How Do Car Dealers Make Money?
Every time I drive pass my local car dealer, I think about the looming state of America’s auto industry. With car manufacturers struggling and shutting down factories, America’s car dealers are also feeling the pinch.
Compared to a few years ago, car dealers are making significantly less profit on new cars, in fact, according to Paul Taylor, the chief economist for the National Auto Dealers Association [NADA], the average car dealer lost about $30 for every new car sold through June 2008.
So how are car dealers making a profit and staying in business? Here are five ways car dealers are turning a profit in these difficult economic times.
1. Used Cars
In addition to buying cars directly from the public (also called street purchases); many dealers also obtain cars from used car auctions and trade-ins which account for more than 31 percent of used light vehicles on car lots.
2. Dealer Cash Incentives
Manufacturers often offer car dealers cash incentives such as a cash credit or cash bonus to stimulate sales. Because these cash bonuses are paid directly to the dealer, it is at the dealer’s discretion to pass it on to their customer.
3. Dealer Holdback
Dealer Holdback is a system of payments your dealer makes to the car manufacturer in order to stock their inventory full of new cars. Just like you may take out a loan when you purchase a new car, your dealer also finances their stock of new cars. Generally the manufacturer will pay the interest on these loans for the first 90 days. The dealer pays the invoice price for each car, so if a dealer sells a car before this period they will earn the holdback as profit (because the full interest charge is added automatically into the invoice).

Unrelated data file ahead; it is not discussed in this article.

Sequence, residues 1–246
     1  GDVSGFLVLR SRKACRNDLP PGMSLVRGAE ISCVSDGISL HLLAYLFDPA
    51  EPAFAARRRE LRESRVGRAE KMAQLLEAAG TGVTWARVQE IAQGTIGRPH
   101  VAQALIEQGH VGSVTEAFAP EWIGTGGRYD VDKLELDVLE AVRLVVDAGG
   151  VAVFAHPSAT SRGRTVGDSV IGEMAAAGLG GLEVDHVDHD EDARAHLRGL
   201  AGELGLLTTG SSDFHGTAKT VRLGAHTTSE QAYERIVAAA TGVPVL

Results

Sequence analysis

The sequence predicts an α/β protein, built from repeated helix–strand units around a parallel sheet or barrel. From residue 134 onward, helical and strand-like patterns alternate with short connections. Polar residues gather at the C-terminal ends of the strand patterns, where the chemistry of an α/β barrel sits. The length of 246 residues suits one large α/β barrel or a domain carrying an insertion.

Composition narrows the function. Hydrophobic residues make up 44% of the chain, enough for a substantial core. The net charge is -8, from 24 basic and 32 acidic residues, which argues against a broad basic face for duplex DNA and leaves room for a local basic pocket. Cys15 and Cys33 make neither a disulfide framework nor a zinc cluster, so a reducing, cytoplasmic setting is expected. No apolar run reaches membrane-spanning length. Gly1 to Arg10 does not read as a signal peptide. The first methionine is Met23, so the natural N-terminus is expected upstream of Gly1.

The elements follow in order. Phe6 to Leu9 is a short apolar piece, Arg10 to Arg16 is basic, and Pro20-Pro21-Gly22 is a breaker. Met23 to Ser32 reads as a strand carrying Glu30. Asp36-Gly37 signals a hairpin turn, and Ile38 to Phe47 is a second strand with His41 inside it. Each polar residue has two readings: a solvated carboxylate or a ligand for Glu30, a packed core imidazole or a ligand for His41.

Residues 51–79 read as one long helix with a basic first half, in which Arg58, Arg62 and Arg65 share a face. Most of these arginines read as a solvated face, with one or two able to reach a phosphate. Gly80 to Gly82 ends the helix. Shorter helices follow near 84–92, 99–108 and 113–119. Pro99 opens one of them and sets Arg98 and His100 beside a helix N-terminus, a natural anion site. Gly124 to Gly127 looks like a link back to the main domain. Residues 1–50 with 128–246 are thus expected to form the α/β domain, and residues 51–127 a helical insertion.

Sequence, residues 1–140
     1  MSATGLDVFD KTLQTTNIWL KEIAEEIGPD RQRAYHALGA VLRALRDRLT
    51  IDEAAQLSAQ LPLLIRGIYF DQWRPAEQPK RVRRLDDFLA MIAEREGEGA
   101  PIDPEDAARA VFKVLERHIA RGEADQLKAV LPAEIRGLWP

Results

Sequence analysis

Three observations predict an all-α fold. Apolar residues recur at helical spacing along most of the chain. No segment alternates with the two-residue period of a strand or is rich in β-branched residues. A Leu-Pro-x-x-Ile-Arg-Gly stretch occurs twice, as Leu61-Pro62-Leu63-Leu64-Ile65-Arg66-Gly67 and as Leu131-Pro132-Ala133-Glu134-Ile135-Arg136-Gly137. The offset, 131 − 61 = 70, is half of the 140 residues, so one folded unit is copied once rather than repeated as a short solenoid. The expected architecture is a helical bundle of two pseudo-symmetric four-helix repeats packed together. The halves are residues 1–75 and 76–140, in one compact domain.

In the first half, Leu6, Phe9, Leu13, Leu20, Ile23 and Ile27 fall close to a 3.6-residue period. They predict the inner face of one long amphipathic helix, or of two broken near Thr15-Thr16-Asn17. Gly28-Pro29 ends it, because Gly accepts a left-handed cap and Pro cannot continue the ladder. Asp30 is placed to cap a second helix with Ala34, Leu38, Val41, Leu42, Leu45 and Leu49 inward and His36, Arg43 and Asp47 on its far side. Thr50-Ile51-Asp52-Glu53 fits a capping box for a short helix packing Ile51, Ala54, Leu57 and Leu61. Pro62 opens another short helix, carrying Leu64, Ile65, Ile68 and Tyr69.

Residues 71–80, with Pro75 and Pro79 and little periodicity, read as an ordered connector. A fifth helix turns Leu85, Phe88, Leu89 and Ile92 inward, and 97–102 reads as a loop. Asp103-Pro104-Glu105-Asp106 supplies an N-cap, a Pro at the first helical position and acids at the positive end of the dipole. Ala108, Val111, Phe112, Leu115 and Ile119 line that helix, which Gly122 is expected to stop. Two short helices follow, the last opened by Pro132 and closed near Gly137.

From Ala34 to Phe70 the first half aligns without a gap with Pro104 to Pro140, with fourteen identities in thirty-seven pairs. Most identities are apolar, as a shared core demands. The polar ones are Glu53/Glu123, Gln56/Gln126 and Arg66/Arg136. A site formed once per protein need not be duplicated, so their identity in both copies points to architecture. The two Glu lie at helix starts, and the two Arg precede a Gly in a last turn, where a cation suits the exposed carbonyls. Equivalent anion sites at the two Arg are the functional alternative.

4. Invoice Tricks
While you may be getting a great price if you’re offered a car either at or slightly above invoice price, your dealer may still be making a profit because of dealer holdback and dealer cash incentives.
5. Loans and Extras
Once the base price of the car has been established, upgrades, extended warranties and extras like fabric protection also add to the dealer’s profit. According to F&I Magazine, an extended warranty, on average, increases profits by $795 and dealer-arranged financing increases profits by an average of $947. In 2007, the NADA found that 28.5 percent of a dealer’s profit on new and used vehicles was generated by extras and the dealer’s finance and insurance office.